More flights in the United States were canceled Thursday than any other single day so far this year as the country braces for yet another winter storm that is expected to hit the Midwest hardest.
Over 4,800 flights coming into, within or departing the United States were canceled as of Thursday afternoon, according to flight tracking service FlightAware.
Many of those cancellations came from Dallas-Fort Worth Airport in Texas, which closed early in the day after saying its runways were “not operational while being treated for snow and ice.” The airport had opened at least one runway by Thursday afternoon, but warned customers to “anticipate intermediate stoppages throughout the day to treat for snow and ice.”
So far, DFW Airport – an American Airlines hub – has canceled 657, or 68%, of its daily outgoing flights for Thursday. Chicago canceled 275 outgoing flights, or 25% of its daily total, while St. Louis Lambert International Airport canceled 156, or 74%, of its flights.
Airlines had canceled more than 1,000 flights in the U.S. scheduled for Wednesday, the flight-tracking service FlightAware.com showed, including more than half taken off the board in St. Louis. In an effort to stay ahead of the weather, Southwest Airlines announced Tuesday that it would suspend all of its flight operations Wednesday at St. Louis Lambert International Airport and Thursday at its Dallas Love Field hub.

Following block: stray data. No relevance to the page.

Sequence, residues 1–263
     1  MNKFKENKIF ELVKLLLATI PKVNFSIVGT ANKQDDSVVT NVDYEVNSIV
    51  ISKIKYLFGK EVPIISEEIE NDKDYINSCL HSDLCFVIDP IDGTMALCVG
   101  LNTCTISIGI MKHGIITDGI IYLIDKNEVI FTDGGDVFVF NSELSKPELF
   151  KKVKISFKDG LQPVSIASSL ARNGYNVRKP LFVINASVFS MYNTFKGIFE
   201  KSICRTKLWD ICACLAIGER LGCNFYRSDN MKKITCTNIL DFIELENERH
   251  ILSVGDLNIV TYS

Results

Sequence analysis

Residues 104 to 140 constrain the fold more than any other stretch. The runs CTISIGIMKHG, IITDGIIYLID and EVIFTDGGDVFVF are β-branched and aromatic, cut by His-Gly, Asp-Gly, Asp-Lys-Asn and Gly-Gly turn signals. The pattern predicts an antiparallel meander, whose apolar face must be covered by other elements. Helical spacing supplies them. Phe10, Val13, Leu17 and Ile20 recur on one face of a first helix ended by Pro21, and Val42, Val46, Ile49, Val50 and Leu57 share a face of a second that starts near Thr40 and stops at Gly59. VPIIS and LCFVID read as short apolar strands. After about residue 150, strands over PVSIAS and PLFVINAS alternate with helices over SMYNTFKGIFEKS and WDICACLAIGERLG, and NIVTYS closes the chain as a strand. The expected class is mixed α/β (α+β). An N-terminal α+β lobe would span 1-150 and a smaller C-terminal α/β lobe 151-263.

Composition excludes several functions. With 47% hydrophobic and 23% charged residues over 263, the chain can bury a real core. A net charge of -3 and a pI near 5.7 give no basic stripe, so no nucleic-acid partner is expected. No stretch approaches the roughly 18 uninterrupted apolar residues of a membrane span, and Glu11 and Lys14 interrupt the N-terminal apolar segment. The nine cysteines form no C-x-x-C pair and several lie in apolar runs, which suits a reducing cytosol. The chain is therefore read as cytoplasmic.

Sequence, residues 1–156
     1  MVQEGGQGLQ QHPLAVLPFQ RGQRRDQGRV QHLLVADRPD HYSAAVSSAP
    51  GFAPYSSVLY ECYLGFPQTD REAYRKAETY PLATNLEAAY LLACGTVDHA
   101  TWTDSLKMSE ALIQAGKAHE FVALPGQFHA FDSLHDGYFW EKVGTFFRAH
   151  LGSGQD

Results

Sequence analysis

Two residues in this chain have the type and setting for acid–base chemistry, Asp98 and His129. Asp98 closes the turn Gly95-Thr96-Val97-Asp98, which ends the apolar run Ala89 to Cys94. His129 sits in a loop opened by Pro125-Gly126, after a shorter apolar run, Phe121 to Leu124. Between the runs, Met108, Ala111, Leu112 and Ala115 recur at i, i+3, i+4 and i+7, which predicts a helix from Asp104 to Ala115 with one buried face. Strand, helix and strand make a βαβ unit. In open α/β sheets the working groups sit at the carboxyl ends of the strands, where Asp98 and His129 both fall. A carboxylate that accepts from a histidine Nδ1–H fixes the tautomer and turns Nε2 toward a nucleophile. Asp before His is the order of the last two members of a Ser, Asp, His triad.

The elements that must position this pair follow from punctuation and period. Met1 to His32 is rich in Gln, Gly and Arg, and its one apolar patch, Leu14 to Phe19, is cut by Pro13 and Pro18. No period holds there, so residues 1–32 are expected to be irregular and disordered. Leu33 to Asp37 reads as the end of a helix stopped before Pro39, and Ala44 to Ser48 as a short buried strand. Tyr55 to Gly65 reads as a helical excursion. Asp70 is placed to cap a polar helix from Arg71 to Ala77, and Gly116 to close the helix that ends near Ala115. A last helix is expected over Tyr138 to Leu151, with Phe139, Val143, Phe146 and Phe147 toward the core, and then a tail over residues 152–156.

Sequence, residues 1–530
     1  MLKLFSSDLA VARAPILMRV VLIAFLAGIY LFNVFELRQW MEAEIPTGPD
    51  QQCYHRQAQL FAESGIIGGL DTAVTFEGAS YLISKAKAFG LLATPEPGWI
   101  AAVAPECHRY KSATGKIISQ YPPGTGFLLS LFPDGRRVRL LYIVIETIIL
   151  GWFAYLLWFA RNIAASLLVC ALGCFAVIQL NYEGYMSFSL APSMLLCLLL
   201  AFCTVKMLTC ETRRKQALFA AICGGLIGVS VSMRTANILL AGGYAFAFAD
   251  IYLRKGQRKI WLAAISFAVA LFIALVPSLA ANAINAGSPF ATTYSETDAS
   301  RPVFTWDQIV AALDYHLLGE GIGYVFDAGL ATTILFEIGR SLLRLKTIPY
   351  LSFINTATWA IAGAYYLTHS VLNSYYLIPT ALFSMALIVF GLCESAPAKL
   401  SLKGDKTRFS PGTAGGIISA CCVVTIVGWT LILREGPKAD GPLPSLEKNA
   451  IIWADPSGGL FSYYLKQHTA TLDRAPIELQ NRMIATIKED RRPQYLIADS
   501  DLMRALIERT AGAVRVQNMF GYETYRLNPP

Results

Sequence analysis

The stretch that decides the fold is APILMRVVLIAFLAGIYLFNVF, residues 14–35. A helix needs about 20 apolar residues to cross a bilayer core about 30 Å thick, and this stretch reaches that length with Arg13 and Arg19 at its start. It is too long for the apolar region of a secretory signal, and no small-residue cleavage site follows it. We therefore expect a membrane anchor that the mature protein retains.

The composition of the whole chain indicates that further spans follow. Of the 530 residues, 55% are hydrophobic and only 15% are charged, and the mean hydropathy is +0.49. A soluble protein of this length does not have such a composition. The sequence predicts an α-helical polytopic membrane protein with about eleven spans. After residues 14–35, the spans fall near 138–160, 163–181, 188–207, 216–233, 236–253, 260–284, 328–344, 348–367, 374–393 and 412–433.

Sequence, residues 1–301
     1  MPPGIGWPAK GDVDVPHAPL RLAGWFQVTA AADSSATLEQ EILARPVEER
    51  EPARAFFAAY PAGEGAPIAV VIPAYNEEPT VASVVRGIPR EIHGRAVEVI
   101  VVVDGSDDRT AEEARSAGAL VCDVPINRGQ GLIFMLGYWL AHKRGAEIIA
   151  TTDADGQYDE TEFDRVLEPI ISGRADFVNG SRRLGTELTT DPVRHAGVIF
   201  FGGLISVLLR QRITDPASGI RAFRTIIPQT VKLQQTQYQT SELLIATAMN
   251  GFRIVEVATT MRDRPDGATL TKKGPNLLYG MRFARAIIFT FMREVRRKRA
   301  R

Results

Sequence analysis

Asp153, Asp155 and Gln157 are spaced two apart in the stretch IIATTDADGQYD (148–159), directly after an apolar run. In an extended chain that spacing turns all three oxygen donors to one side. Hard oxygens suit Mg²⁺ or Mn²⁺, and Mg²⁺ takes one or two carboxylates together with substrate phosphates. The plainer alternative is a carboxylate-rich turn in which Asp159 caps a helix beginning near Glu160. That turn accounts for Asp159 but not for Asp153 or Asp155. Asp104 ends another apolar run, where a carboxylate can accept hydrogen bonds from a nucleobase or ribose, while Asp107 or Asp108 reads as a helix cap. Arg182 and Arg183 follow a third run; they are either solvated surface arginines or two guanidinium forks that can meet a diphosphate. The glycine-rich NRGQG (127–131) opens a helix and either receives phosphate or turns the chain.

“Around the country, we’re planning to operate a limited or reduced schedule from some cities in the path of the storm but will make adjustments to the schedule as needed,” Southwest spokesman Dan Landson said.
The storm will likely continue to impact flights across the country, as heavy snow is expected from the southern Rockies to northern New England, while forecasters said heavy ice buildup was likely from Texas to Pennsylvania.
More than 200,000 homes and businesses lost power across the U.S. on Thursday as power companies struggled to keep pace with freezing rain and snow that weighed down tree limbs and encrusted power lines,
Power outages blamed on icy or downed power lines were concentrated in Tennessee, Arkansas and Texas, but the path of the storm stretched further from the central U.S. into the South and Northeast on Thursday.
It is the second weekend in a row travelers were plagued with weather-related cancelations and delays after a nor’easter brought blizzard conditions to many parts of the East Coast.
A separate issue has plagued airports and, while not as dire a problem as predicted, forced a number of cancelations: the rollout of 5G networks across the country.
Some flights have been canceled since Verizon and AT&T turned on their new networks last month, but predictions of widespread cancellations turned out to be wrong. The Federal Aviation Administration has cleared 90% of the nation’s airline fleet to land during poor visibility at airports near 5G cell towers.
The CEOs of American Airlines and United Airlines have said they don’t expect any more disruptions from the rollout. However, more than half of the planes operated by regional airlines remain restricted during bad weather, said Faye Malarkey Black, president of a trade group for the smaller carriers, some of which operate flights for American Eagle, United Express and Delta Connection.
Dozens of flights were canceled because of 5G concerns after the services went live, but widespread cancellations were avoided.
The Associated Press contributed to this report.